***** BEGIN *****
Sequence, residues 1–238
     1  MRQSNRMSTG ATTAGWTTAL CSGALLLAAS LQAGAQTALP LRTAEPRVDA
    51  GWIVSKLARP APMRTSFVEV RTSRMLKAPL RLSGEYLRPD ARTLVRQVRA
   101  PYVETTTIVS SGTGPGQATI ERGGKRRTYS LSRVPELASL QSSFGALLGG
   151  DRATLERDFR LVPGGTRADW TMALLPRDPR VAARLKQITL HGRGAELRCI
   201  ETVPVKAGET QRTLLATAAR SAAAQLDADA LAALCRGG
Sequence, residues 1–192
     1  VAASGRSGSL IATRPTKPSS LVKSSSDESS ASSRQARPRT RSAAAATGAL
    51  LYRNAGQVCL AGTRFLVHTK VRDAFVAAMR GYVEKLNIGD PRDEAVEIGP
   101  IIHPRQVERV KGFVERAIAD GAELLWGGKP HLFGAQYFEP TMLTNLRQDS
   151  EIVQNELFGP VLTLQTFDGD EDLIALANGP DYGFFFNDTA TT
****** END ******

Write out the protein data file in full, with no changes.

Sequence, residues 1–238
     1  MRQSNRMSTG ATTAGWTTAL CSGALLLAAS LQAGAQTALP LRTAEPRVDA
    51  GWIVSKLARP APMRTSFVEV RTSRMLKAPL RLSGEYLRPD ARTLVRQVRA
   101  PYVETTTIVS SGTGPGQATI ERGGKRRTYS LSRVPELASL QSSFGALLGG
   151  DRATLERDFR LVPGGTRADW TMALLPRDPR VAARLKQITL HGRGAELRCI
   201  ETVPVKAGET QRTLLATAAR SAAAQLDADA LAALCRGG
Sequence, residues 1–192
     1  VAASGRSGSL IATRPTKPSS LVKSSSDESS ASSRQARPRT RSAAAATGAL
    51  LYRNAGQVCL AGTRFLVHTK VRDAFVAAMR GYVEKLNIGD PRDEAVEIGP
   101  IIHPRQVERV KGFVERAIAD GAELLWGGKP HLFGAQYFEP TMLTNLRQDS
   151  EIVQNELFGP VLTLQTFDGD EDLIALANGP DYGFFFNDTA TT